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Music Review: Margot Blanche Pages In My Diary

When American jazz came to Europe in the 1920's it inspired a new type of night club performance. Cabaret, was a mixture of live theatre, burlesque, and a musical revue with featured vocalists. If you've ever seen either The Blue Angel starring Marlene Dietrich or Cabaret starring Liza Minelli, you'll have a good idea as to the kind of performances that were seen in those places that presented cabarets. Those who sang in cabarets were encouraged to sing in as suggestive a manner as possible, drawing upon the sensuality inherent in jazz and blues to make it as sensual as possible.

Perhaps because cabaret style performances were driven in part by the desperation of the times, an attempt to cram as much fun as possible into a short period of time before the inevitable war, it did not survive WW2. After the war, with all the competition for the entertainment dollar, and the advent of accessible home entertainment, fewer were willing to take the financial risk involved in mounting such lavish entertainment.The closest thing to it that we have today is the plastic sexuality of the Las Vegas show.

Another reason for the demise of cabaret has been the compartmentalization of popular music which has led to there being fewer and fewer performers with the skill to perform the variety of music it required of a singer. There aren't many vocalists who have the ability to not only sing the styles of music required, but have the ability to put on a show as well. That doesn't mean there aren't any out there, and if her newest self-produced and distributed release, Pages In My Diary, is anything to go by, Margot Blanche not only has the abilities to sing a variety of styles, she appears to have the required panache for the showmanship side of things as well.
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Judging by the images that are included of her in the booklet accompanying the CD she has created a persona for this disc modelled after Varga girls and other classic pin up images from the 1940s. The twelve tracks that are included on the disc, all of which she has at least co-authored, contain elements that are reminiscent of that era, along with more contemporary stylings. She has even gone so far as to include production values on some of the numbers that generate the sound of a song being heard through the thin compressed sound of an old mono, tube radio to help re-create an authentic atmosphere.

If that weren't enough for us to get the idea of what she was trying to accomplish there are even some songs which include samplings of singers like Bessie Smith, Cab Calloway, and the Tommy Dorsey Orchestra. However, least you think she is merely trying to recreate the past her songs also contain elements of hip hop, soul, and R&B and the occasional sample of more contemporary performers like Isaac Hayes and The Meters. While this is beginning to sound like a hideous pastiche of music that will end up a confusing mess, that estimation fails to take into account Margot Blanche's skill as a both a performer and a composer.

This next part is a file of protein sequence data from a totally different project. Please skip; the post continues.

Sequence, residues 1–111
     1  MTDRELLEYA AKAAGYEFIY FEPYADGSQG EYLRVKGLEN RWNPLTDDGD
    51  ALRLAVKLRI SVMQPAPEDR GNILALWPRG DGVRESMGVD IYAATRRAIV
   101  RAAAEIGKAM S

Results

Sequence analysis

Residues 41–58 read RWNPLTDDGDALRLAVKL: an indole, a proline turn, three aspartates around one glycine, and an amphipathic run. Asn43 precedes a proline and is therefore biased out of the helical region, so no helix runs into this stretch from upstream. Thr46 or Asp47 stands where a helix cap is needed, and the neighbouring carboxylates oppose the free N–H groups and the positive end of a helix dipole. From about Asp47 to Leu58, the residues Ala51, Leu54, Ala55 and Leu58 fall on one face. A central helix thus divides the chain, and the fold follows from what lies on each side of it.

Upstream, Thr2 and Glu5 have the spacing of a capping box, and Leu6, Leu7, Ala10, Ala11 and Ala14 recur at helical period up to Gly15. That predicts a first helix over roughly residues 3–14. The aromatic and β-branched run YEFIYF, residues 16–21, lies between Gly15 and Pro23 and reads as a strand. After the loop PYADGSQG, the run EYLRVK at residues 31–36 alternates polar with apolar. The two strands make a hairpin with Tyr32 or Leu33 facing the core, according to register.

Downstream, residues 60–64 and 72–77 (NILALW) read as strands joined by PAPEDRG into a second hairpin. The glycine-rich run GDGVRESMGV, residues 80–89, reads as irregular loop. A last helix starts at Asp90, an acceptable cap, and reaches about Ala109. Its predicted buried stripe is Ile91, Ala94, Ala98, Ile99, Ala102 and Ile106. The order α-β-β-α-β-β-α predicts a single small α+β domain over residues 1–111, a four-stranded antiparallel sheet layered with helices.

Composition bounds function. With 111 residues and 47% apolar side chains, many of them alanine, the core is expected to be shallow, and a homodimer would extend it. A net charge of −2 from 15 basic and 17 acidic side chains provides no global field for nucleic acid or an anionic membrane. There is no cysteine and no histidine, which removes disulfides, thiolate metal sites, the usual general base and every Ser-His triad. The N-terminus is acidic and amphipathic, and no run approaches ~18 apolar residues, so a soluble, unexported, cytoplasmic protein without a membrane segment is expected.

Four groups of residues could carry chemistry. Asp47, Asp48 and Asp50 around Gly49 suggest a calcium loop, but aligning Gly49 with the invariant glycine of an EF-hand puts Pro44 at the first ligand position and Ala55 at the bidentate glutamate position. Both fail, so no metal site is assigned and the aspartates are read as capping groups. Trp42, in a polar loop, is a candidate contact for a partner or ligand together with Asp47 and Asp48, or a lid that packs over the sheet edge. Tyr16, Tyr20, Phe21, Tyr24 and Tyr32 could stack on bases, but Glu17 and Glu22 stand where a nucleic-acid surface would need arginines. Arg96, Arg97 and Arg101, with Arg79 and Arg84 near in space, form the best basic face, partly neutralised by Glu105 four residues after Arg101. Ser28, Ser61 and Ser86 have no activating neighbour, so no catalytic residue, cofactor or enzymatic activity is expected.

She is not only gifted with a voice that has the range to work comfortably at either end of the scale and well beyond a single octave, it's a voice with an exceptional amount of character and the versatility to handle any of the formats she attempts. From the hard edged, street smart voice required for the hip-hop/rap flavour of the title track, "Introduction (Pages Of My Diary)", the teasing sounds of "Material Love", to the genuine soulfulness of "Beautiful Soul", she is able to accommodate all the styles she attempts with ease and naturalness.
margot Blanche.jpg Where many people who attempt multiple styles of music within one recording come across as unconvincing or insincere, Margot Blanche is not only able to carry them all off with equal aplomb, but does so sounding like she was born to sing that particular genre. While in part this is due to her ability as a vocalist, it's also a tribute to her talents as a performer. Instead of merely assuming an attitude that would be appropriate for a song, she goes a lot deeper and creates a character who fits what's being expressed in the material.

Of course that makes a lot of sense once you understand that Pages Of My Diary is not merely a collection of love songs. Think of it as a collection of diary entries, each of which are a reflection of the different approaches one person could take to the thorny and complicated subject of love. It's as if Margot has opened the pages of a diary where she's allowed different personalities to hold forth on what they think about love and what they desire in a relationship. In that light, Pages From My Dairy becomes a one woman show about love with songs serving as the script instead of monologues.

Margot Blanche is a gifted singer, a creative songwriter, and a talented producer, with a flair for theatricality which make the songs on her CD Pages Of My Diary not only interesting to listen to, but turns the disc into a mini piece of musical theatre. The art of cabaret may not be as dead as I thought after all.

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